Salt Lake City, Utah
June 23, 2018
June 23, 2018
July 27, 2018
Educational Research and Methods
This evidence-based practice paper analyzes student engineering self-efficacy and interest following a 9th-grade curriculum intervention which introduced soft robotic design to the classroom. Achievement motivation theories often hold that the intersection of self-efficacy and task interest are predictive of choices and behavior. By leveraging domain-specific measurements for self-efficacy and interest we focus on engineering self-efficacy and engineering career interest, to inform the development of the curriculum experience. First, an overview of the curriculum highlights elements which support self-efficacy or career interest. Next, participating students’ trajectories for self-efficacy and interest are mapped to investigate potential growth following the lessons. We examine the number of students with changing self-efficacy and interest and draw conclusions about curriculum revisions.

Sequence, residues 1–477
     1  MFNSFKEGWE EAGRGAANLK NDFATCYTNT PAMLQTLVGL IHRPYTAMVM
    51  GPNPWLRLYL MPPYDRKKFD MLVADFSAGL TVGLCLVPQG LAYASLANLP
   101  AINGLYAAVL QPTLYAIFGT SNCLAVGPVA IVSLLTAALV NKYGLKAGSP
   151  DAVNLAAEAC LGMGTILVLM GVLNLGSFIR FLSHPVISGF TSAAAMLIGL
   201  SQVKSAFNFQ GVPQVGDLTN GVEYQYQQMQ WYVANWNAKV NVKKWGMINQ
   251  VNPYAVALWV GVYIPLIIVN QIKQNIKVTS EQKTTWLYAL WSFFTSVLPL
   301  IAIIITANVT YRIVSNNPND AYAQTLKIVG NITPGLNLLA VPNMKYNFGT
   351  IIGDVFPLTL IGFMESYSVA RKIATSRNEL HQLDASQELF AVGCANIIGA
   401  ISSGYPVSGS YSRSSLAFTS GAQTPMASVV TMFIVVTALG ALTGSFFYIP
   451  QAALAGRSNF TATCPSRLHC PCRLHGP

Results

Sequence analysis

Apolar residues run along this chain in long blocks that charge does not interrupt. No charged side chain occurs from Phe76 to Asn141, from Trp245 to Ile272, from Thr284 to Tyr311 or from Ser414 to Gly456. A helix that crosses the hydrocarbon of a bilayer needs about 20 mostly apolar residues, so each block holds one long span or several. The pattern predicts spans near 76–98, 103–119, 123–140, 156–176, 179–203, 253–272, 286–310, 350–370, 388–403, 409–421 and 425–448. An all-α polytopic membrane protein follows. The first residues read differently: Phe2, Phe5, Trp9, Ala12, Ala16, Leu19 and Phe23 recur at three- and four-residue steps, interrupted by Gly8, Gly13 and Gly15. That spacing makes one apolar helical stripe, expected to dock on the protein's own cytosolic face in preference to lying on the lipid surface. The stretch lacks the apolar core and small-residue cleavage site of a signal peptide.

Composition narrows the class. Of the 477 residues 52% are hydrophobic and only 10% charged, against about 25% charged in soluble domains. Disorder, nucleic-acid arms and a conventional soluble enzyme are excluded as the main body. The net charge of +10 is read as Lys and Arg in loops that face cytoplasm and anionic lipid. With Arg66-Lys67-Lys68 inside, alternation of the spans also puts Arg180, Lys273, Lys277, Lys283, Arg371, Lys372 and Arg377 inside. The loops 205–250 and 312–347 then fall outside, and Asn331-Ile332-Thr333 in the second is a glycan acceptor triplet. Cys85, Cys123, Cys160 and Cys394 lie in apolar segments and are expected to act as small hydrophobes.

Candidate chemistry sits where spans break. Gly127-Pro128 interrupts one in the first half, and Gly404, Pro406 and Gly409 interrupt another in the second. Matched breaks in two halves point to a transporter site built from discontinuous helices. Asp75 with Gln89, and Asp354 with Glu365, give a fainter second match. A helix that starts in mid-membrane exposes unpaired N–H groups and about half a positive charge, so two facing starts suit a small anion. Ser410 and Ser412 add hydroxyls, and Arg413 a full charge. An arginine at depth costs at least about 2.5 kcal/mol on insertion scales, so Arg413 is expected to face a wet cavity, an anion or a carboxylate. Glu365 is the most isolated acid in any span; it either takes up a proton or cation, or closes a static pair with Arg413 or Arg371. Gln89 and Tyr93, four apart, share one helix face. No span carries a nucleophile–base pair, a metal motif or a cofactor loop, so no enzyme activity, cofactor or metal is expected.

Jackson, A., & Mentzer, N., & Kramer-Bottiglio, R. (2018, June), Intersecting Self-Efficacy and Interest: Exploring the Impact of Soft Robot Design Experiences on Engineering Perceptions Paper presented at 2018 ASEE Annual Conference & Exposition , Salt Lake City, Utah. https://peer.asee.org/30712
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